The UK Environment Act 2021 sets out an important new suite of measures to tackle imported deforestation, by requiring companies to implement due diligence systems (DDS) for forest risk commodities in their supply chains. Whilst importing companies have been legally obliged to have DDS in place for timber and wood-based products since the introduction of the EU Timber Regulations (EUTR) in 2013 (now UKTR in the UK), new legislation means responsibilities will extend to companies buying other commodities associated with widespread deforestation.

Land-use change, including habitat loss and degradation is the leading driver of biodiversity loss globally (ZSL, 2020). Tropical deforestation is also the second largest anthropogenic source of CO2 and a significant proportion of these emissions are driven by international trade (Global Environmental Change, 2019). Seven key commodities are responsible for an estimated 65% of annual tropical deforestation risk within UK supply chains (JNCC, 2021). These are cattle (beef and leather), cocoa, coffee, maize, palm oil, rubber, and soy. As such the proposed due diligence regulation on forest risk commodities aims to reduce the UK’s imported deforestation footprint.

ZSL’s Sustainable Business and Finance team are committed to boosting corporate best practice and welcome the new legislation, however the government must work to ensure secondary legislation is both robust and ambitious. Deforestation risk is complex and dynamic, and legislation must be flexible enough to adapt to new challenges or new deforestation drivers as they emerge.

We have recently responded to Defra’s open consultation on ‘Implementing due diligence on forest risk commodities’, which sought input from stakeholders on how the new requirements should be rolled out. Many important elements of the scope of requirements are currently undecided, in particular the commodities being legislated for and the criteria for which companies are or are not included.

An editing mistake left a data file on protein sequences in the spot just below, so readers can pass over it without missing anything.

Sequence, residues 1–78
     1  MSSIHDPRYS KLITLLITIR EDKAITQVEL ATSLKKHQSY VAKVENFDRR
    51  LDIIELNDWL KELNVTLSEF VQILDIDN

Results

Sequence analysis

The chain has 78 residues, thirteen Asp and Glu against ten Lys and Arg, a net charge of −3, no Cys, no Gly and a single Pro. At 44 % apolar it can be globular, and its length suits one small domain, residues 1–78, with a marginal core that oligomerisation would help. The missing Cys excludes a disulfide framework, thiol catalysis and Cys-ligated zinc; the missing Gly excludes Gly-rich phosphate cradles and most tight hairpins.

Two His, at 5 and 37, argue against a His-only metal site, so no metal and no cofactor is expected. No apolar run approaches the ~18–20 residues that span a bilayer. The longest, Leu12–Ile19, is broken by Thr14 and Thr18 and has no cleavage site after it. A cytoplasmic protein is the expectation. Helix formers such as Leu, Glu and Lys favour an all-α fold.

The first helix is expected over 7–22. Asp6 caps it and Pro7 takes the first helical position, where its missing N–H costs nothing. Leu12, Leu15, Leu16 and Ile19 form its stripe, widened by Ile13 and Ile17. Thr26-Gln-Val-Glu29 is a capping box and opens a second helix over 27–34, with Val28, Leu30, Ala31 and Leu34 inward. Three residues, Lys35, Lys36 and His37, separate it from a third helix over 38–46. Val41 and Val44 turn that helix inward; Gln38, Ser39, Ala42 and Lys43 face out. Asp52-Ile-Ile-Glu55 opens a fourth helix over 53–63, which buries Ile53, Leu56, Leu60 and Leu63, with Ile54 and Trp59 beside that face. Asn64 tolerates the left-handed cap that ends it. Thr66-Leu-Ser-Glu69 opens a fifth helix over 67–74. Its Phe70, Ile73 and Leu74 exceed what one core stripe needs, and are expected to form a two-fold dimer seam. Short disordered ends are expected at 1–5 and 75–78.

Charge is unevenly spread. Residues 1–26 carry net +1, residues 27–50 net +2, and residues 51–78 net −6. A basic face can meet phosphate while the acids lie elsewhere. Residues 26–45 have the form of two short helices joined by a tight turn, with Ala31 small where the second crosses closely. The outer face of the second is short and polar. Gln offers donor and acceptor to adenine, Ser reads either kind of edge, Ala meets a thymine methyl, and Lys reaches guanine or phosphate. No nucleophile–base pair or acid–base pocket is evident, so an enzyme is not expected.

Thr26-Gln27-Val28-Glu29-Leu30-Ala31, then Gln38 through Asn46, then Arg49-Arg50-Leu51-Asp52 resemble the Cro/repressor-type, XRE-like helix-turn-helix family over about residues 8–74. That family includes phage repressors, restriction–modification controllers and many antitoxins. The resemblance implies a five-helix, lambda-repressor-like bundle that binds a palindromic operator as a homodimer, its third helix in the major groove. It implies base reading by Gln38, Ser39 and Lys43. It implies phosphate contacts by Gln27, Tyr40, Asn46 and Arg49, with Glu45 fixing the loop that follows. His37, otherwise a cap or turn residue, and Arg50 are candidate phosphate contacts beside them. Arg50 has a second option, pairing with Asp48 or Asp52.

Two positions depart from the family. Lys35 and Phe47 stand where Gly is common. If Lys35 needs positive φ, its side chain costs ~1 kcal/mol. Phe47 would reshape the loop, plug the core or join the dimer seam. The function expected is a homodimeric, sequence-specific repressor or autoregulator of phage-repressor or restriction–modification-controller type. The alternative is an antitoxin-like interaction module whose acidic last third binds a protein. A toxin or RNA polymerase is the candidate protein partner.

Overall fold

We call on the UK government to: 

  • Include a broad scope of commodities from the start, at a minimum covering the proposed seven; cattle (beef and leather), cocoa, coffee, maize, palm oil, rubber, and soy
  • In addition to these, aquaculture and other sectors that drive deforestation of vital mangrove habitats should also be considered.
  • Utilise current understanding of trends and projections, to ensure inclusion of commodities which may have small but expanding footprints.
  • Regulate all companies in forest-risk commodity supply chains, irrespective of turnover, whilst expecting large companies to do more, in line with their sourcing volumes and capacity to leverage change. 
  • Set ambitions for the regulation to extend beyond legality by integrating other sustainability indicators. A narrow focus on legality not only misses the well-known issue of ‘legal deforestation’, but may even disincentivise producer countries from improving governance structures that would raise the standard of ‘legal deforestation’

We recommend companies start preparing for the new requirements now, by introducing sustainable sourcing policies and mapping their supply chains. As the focus of due diligence is risk mitigation and risk avoidance, companies should engage suppliers and invest in their supply chains to drive meaningful change at producer level to tackle risk ahead of legislation entering into force.

ZSL will be following the outcome of the consultation closely and encourage others to do the same. We believe this legislation is a vital piece of the puzzle to reduce commodity-driven deforestation and ensure a world where wildlife thrives.

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